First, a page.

Ireland, Britain and the EU. Photo: Tiocfaidh ár lá 1916 Ireland, Britain and the EU. Photo: Tiocfaidh ár lá 1916

The Tories’ Brexit deal puts undue focus on the British border in Ireland and is out of step with public opinion, argues Reuben Bard-Rosenberg

One of my favourite characters in Peaky Blinders was Inspector Campbell (Sam Neill), the Irish Protestant police officer charged with bringing Birmingham to heel. The authorities were losing their grip on the city, and hoped that bringing in the ultra-reactionary moral fervour of their imperial frontiersmen – along with their experience of counterinsurgency – would give the state the upper hand at home.

The motif is a familiar one. It was white “Africanista” troops who formed the cutting edge of Franco’s insurgency against the Spanish Republic. It was Prussian Junkers, who’d expanded German power eastwards at the point of the sword, who were brought in to crush the German revolution. The imperial frontier alters the domestic political balance. After last year’s election, the people of England were reawakened to the fact that their state continued to sustain a large overseas colony; the DUP, the sort of hard-right political force that a confessional occupation creates, now held the balance of power in Westminster.

What makes the present situation interesting is that Orange influence over Westminster has expanded at a moment when English Unionism has never been weaker. If you were to exclaim “Home Rule is Rome Rule!” to the average denizen of London, they would be probably look at you very quizzically indeed. Just as Belfast is no longer a key part of Britain’s commercial system, the cause of “Ulster” is less-and-less a prominent part of popular British patriotism. And this was the case even before English people had suffered prolonged exposure to Arlene Foster.

And this has implications for the politics surrounding Brexit. What is striking is how little grandstanding there has been in England over the cause of our bowler-hatted brethren. The issue continues to excite Tories – both because they need Unionist votes in Parliament, and because of the party’s historic connection with the Orange cause. Yet within society at large, politicians have not placed great reliance upon the Ireland connection to popularise their view of how Brexit should be done. When commentators talk about “taking back control” they are not talking about Derry.

As such many people – Brexiteer and Remainer – will be wondering why on earth Britain’s future relationship with the EU currently appears to hinge on the issue of Britain’s relationship with its colony in Ireland. Amidst negotiations that have huge social, economic and democratic implications, people will wonder why Ulster Unionism, of all things, is the issue that so many Tories have picked to play hard ball over. People will look with incredulity at Arlene Foster’s demand for a Schroedinger’s Northern Ireland, that is at once outside the customs unions, whilst simultaneously benefitting from frictionless trade with the rest of Ireland, and still in the UK. People will wonder why these people hold the balance of power at Westminster. I dare say an English border poll on our constitutional relationship with the six counties might produce some very interesting results indeed.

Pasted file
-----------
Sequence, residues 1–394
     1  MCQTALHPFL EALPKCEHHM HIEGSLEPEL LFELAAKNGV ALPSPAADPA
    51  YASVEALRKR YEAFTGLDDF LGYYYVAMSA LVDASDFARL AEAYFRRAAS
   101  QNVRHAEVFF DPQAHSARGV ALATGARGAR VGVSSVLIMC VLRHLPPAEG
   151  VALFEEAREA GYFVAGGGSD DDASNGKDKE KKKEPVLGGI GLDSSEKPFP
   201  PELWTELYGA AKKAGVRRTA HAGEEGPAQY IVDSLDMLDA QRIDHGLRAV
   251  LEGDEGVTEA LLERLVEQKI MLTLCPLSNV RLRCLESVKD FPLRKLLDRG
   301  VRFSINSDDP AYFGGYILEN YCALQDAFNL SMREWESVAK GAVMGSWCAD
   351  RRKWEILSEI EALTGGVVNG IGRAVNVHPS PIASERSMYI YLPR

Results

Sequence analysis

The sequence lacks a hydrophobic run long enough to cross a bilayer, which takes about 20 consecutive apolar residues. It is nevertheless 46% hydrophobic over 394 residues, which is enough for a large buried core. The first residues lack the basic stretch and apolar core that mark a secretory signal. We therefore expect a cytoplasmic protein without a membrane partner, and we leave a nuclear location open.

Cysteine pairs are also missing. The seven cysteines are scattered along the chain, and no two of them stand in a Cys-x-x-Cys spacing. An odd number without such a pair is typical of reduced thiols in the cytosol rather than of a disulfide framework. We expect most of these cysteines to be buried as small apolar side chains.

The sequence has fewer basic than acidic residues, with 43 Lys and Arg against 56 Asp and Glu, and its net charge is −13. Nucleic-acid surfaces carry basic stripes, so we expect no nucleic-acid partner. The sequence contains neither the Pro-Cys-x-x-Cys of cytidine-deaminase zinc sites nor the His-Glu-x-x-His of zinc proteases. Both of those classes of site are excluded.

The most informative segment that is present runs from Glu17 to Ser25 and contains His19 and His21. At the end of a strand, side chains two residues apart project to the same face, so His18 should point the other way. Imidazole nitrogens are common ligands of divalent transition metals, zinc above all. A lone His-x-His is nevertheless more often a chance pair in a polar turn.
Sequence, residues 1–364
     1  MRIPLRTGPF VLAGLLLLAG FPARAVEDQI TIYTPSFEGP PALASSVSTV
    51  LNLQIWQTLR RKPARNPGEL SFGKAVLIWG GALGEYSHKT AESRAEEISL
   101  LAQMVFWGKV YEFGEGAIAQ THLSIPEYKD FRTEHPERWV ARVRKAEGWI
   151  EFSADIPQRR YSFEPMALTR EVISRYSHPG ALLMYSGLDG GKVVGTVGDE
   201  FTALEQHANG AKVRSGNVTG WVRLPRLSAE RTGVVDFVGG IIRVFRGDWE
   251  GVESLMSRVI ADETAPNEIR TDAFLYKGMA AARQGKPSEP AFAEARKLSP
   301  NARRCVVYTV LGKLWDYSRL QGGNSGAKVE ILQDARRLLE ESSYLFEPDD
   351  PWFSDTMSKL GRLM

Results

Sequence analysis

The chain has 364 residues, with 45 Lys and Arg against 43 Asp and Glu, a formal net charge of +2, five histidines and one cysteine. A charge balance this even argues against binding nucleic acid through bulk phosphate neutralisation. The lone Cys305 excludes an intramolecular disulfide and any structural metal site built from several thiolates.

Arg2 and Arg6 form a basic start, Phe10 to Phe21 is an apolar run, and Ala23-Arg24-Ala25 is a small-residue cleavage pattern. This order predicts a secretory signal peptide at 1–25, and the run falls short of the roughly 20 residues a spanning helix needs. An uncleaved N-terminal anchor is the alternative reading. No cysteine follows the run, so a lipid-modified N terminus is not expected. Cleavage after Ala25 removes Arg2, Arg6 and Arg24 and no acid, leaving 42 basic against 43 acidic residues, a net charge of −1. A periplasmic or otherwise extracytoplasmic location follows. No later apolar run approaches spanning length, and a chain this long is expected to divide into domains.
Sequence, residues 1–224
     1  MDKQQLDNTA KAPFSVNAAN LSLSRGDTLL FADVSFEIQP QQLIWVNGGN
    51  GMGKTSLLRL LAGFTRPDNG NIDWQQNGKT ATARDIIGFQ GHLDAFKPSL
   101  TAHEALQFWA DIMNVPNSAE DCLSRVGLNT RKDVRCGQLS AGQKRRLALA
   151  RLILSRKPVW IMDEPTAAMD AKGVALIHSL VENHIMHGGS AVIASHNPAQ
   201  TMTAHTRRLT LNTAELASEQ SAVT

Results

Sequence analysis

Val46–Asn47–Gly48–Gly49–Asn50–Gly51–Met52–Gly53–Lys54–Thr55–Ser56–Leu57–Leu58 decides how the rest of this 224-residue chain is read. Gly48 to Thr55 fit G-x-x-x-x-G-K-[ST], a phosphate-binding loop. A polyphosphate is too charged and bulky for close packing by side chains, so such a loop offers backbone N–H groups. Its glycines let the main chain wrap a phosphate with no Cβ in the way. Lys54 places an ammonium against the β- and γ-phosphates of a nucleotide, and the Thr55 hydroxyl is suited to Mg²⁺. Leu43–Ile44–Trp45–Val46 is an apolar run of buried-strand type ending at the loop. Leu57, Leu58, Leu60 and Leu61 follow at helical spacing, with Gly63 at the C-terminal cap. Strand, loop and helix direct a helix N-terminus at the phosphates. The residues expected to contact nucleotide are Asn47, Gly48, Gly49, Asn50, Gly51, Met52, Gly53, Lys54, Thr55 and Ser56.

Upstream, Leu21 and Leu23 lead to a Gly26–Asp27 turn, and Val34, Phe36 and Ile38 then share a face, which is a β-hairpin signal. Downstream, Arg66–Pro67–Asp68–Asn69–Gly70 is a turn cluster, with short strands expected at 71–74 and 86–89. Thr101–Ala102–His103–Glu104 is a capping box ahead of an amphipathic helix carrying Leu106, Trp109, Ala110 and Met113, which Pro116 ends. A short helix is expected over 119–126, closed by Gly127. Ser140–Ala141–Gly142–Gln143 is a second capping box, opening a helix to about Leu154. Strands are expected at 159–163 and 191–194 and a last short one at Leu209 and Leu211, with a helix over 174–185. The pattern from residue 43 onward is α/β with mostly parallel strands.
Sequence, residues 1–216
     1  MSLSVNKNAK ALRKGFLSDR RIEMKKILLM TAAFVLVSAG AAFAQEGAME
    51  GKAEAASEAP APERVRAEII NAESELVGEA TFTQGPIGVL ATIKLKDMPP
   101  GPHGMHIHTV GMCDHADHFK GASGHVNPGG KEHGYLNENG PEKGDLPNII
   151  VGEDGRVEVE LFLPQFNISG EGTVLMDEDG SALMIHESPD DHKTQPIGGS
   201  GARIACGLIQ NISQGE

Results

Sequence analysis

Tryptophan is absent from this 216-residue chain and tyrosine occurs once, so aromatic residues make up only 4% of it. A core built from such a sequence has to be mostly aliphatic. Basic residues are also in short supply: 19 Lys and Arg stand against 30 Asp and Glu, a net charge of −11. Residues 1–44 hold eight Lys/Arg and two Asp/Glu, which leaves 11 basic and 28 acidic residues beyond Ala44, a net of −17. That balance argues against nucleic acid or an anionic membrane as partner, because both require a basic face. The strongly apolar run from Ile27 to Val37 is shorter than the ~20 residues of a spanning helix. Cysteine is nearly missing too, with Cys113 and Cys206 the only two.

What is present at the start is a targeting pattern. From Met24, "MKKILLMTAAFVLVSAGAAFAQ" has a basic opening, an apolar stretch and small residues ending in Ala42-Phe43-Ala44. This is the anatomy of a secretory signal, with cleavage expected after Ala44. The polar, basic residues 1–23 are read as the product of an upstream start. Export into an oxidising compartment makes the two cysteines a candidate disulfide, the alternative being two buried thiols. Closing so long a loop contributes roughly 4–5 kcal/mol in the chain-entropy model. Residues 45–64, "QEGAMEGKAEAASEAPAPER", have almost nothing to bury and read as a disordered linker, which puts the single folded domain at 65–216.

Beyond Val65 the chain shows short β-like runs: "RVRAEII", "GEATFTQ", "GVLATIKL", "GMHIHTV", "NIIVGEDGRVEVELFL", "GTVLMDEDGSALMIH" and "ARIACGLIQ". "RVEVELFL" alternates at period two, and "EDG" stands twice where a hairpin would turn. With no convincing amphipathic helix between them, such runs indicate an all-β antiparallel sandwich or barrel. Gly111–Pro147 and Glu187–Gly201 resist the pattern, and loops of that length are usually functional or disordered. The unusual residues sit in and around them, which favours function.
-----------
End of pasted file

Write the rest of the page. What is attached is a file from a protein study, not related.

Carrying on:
The argument that imposing different regulatory regimes on Northern Ireland than those that pertain in the rest of Britain doesn’t even make sense in its own terms; the government of the six counties has always been a special case within the United Kingdom for the simple reason that it is a colony. This is why some people were granted two-votes for the Stormont Parliament right up to 1968, why its police force was a paramilitary organisation from day one, why its current parliament operates on a special communal basis of power-sharing, aimed at keeping in check the tensions that have been produced by an occupation based upon confessional supremacy, and why the province is currently governed by civil servants amidst the breakdown of the quasi-parliamentary system.

Without a doubt, progressive opinion has been split on many matters concerning Britain’s relationship with Europe. But one thing we absolutely should be able to unite upon is that the only sensible way to resolve the Irish issues thrown up by the negotiation is to get rid of the British border in Ireland. The idea that Britain and Ireland should, in perpetuity, have their trade and economic policies aligned by the external, unelected force that is the EU, so that the dysfunctional Good Friday system can continue limping on is eminently ridiculous. It is time to demand something better.


Reuben Bard-Rosenberg

Reuben Bard-Rosenberg is a socialist activist and radical folk music promoter.